There are several theories describing where humans, as a part of nature, are located in it. Based on these theories the research question can also be considered as a comparison between anthropocentrism and personified nature. Anthropocentrism puts the human being in the centre of nature and considers him the most important thing in the world (Moore 2008: 29). The protagonists who strive to control nature, could be seen as anthropocentric. Anthropocentrism refers to the Old Testament, where God is described as having handed over control over nature and animal kingdom to humans. Opponents of this theory, such as the Italian philosopher Vico, describe the downside of anthropocentrism, citing personifications such as the "brow and shoulders of a hill" as an example for our megalomania, "a consequence of our axiom that man in his ignorance makes himself the rule of the universe, [...] has made of himself an entire world" (Vico 1968: 129 as quoted in Moore 2008: 33). The contrasting theory, Ecocentrism, places man among the other life forms on earth, and asks for respect and good treatment of flora and fauna (Moore 2008: 5). Moore (196) points out that in Ecocentrism "wild nature exists [...] for its own „reasons," independent of humans." Yet he also claims that "humanity, a part of nature, also needs wilderness for its own needs." As an exemplary proponent of this theory he cites the American philosopher Thoreau, who had called nature "the „raw material of life" essential for our own elevation as a species, for imagination, renewal, recreation, and escape" (Thoreau 2007: 204 as quoted in Moore 2008: 197).
In the course of this paper I am now going to work out which different approaches to nature the protagonists have, and how they are related to it. Additionally, I will discuss the effects which the contact with nature has on the development of the protagonists. I am also going to identify different motifs which Parks employed in the novels, and analyze them in consideration of their relation to nature and the actions of the protagonists. Given the fact that nature is a literary topic since thousands of years, I will also contextualize and compare Park's novels with other literary writings of different origins and epochs.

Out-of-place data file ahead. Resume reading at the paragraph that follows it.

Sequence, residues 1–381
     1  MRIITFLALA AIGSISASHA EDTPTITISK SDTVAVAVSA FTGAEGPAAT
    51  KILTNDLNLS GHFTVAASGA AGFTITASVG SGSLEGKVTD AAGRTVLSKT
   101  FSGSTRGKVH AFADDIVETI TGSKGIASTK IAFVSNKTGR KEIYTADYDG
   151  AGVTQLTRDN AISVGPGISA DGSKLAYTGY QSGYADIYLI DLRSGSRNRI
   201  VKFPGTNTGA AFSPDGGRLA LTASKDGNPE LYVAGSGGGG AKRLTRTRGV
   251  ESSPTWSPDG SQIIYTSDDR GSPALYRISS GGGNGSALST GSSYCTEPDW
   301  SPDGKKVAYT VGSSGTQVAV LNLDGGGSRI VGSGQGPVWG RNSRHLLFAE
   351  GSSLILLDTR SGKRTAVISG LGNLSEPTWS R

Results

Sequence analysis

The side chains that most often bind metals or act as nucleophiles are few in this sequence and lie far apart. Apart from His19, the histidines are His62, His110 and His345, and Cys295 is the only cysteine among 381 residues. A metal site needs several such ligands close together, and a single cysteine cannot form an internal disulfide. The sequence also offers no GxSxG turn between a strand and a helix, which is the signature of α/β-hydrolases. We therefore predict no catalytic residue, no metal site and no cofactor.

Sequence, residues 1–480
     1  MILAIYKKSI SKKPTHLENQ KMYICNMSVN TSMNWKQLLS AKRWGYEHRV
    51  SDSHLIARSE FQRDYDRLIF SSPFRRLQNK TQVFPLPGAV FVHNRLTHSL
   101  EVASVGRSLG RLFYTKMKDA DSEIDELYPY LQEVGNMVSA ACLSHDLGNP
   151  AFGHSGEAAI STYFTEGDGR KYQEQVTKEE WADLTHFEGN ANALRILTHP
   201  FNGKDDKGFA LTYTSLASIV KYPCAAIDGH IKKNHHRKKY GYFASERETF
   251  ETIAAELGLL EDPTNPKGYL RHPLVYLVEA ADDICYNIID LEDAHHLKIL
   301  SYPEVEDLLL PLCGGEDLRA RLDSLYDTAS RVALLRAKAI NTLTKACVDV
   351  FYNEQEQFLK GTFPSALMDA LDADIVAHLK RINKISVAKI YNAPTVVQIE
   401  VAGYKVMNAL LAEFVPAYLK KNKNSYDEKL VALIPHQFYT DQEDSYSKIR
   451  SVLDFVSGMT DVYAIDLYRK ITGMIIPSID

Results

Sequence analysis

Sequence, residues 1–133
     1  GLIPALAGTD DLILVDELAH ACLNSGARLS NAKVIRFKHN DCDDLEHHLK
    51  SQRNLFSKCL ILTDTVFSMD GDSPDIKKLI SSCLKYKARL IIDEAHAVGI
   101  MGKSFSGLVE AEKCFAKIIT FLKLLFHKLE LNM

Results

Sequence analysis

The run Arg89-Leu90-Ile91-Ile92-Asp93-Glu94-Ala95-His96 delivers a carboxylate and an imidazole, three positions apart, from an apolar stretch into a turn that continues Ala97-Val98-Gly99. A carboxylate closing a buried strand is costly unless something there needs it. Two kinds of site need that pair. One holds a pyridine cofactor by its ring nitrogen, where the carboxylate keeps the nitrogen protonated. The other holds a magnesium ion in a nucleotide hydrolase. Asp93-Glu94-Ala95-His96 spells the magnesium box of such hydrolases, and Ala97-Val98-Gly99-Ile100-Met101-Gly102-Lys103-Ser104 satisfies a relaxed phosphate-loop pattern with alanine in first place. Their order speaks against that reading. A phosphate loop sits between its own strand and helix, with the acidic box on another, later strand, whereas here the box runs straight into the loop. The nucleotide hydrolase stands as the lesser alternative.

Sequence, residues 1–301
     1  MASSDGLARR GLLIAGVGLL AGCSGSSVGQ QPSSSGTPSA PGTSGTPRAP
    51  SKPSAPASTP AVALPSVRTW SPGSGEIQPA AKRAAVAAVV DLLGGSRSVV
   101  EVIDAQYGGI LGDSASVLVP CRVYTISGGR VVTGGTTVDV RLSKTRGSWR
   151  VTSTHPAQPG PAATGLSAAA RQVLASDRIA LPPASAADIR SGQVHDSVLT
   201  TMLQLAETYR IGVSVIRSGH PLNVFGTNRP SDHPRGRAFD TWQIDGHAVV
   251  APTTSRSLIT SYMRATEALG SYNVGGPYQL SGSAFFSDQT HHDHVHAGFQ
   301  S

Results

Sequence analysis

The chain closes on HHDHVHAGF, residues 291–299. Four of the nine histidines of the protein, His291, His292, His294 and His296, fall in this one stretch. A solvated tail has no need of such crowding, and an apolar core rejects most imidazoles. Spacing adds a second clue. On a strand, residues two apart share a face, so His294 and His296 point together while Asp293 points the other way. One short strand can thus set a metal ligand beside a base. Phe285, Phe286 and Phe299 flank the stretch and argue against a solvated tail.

2. DreamsofRivers andSeas
John's work in the UK-based laboratory is a recurring topic in the novel. In his lab, John tries to gain control over nature. In India, nature takes control of him. Thoughts of his work follow him around the globe. Admitting that his mother "at least changed people's lives day by day with her diagnoses and medicines" (Parks 2008: 16), he tries to find sense in his own work: "Breaking down the smallest particles and isolating even smaller ones, to manipulate them, even the most unimaginably tiny coils of DNA, RNA [...] that was the way to put new drugs in the hands of people like his mother" (17). His mother's generalist approach to control nature is completely different from his. While he is examining natural phenomena in detail, a research process where even the "tiniest step forward takes a lifetime", she sees the results of her work every day. Metaphorically speaking, John's research is an arduous journey; he puts one foot in front of the other without even seeing the horizon. By stressing that "there's no time to fool around," he emphasizes how every delay or problem increases the long time span which his research is taking. Unknowingly, he admits that the nature which he tries to control eats away his lifetime in the course of time (14).